Good Rally, Bad Rally?

By: Marty Chenard | Fri, Jun 17, 2011
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When you look at the S&P 500's ETF (the SPY), you realize what a nice rally we have seen since the end of April of 2010. The SPY was up +4.49%.

However, when you look at the S&P 500's second largest sector, you realize what a horrible drop the Banking Index has had since May of 2010. The $BKX was down -20.18%.

How could that be? The S&P's largest sector is Info Tech which represents 17.64% of the S&P Index. The second largest sector are the Financials, and they represent 15.11% of the S&P. A 20% drop in a part that represents 15% of the whole, and yet the whole still goes up 4.49%?

The Banking Index isn't just any index either. It represents what it going on in banking stocks which is a reflection of what they do and how they are doing financially. One of the primary functions for banks is to provide loans to businesses and consumers. But, there is an on-going hesitation at banks, where they are resisting the granting of loans due to they fear of risk levels. This has frustrated Bernanke, and has been a thorn in his side.

Bottom line, we have a huge negative divergence between the S&P 500 and its second largest sector. Negative divergences are things that are "out of balance" with each other. Sooner or later, balance is always re-established.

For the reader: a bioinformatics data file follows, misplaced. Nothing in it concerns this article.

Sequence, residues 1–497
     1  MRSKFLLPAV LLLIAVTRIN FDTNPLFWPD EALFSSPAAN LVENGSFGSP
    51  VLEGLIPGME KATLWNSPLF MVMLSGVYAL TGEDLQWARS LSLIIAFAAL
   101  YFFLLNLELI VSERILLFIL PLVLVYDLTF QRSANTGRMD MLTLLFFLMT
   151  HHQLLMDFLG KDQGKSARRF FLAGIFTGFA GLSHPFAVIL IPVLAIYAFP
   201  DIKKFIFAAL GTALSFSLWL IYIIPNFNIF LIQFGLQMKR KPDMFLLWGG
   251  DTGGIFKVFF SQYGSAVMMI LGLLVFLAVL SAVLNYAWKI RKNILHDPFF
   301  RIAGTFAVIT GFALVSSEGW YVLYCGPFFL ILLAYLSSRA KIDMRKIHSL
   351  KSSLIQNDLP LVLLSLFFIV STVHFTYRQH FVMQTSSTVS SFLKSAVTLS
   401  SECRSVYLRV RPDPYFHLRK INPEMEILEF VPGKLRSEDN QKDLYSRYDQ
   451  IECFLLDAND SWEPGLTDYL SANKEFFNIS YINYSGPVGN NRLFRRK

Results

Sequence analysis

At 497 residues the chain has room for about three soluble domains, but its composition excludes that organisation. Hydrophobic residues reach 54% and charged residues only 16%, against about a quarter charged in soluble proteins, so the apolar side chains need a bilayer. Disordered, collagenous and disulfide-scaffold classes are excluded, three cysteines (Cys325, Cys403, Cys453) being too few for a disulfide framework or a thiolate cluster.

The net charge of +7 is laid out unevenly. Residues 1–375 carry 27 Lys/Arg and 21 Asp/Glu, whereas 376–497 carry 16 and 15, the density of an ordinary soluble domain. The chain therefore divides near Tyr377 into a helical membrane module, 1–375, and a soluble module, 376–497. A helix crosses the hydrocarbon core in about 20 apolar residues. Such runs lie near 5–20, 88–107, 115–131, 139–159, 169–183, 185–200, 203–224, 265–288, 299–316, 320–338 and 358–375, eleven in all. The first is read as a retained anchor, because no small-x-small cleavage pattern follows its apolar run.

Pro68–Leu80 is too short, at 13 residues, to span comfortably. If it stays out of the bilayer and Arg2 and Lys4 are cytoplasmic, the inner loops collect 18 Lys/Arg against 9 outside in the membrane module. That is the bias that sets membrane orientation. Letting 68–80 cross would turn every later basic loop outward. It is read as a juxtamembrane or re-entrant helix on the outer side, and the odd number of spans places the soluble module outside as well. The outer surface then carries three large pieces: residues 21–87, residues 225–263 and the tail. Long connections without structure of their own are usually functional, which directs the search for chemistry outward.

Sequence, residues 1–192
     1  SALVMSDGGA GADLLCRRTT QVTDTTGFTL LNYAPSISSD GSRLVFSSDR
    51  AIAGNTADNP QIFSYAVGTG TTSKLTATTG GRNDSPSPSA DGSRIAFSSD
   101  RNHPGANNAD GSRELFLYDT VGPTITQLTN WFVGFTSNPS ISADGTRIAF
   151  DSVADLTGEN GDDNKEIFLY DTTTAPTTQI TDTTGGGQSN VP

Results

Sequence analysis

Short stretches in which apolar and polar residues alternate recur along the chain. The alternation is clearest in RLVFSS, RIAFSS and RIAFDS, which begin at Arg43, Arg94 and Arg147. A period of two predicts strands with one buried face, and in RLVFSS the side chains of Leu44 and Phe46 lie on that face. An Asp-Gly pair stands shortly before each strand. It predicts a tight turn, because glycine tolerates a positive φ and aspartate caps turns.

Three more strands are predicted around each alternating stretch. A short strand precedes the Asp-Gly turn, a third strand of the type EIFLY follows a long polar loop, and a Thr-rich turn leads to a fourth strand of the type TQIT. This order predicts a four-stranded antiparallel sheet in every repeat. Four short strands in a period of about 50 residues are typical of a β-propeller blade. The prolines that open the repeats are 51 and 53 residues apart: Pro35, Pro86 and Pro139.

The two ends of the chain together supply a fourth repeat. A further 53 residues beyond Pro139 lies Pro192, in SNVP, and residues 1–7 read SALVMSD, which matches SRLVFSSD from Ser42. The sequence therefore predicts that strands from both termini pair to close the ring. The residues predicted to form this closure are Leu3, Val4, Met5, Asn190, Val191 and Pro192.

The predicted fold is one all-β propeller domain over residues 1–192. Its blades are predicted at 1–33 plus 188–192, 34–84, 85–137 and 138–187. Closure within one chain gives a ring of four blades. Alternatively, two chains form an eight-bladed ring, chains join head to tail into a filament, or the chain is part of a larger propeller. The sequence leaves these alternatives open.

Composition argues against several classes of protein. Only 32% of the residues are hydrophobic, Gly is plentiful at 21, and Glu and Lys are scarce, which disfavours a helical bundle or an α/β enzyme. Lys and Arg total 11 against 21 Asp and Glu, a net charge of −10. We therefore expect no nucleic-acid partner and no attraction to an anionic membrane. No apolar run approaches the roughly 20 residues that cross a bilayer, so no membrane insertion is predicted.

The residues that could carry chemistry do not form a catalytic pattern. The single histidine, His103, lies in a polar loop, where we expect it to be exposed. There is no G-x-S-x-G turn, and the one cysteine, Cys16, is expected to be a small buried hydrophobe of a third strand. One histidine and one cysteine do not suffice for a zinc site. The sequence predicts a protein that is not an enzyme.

Using an analogy, negative divergences are like rubber bands. The more you stretch them, the harder they will snap back when let go ... or when they break under the pressure. After being let go, a rubber band goes back to its "in balance" condition.

So that you can visually see the degree of imbalance occurring, see the weekly chart of the Banking Index versus the SPY that we posted below. Also notice how they were in balance during the 2004 to 2009 time period.

Banking Index versus the SPY

 


 

Marty Chenard

Author: Marty Chenard

Marty Chenard
StockTiming.com
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Marty Chenard is an Advanced Stock Market Technical Analyst that has developed his own proprietary analytical tools and stock market models. As a result, he was out of the market two weeks before the 1987 Crash in the most recent Bear Market he faxed his Members in March 2000 telling them all to SELL. He is an advanced technical analyst and not an investment advisor, nor a securities broker.

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Source: The Contrarian Take http://blogs.forbes.com/michaelpollaro/
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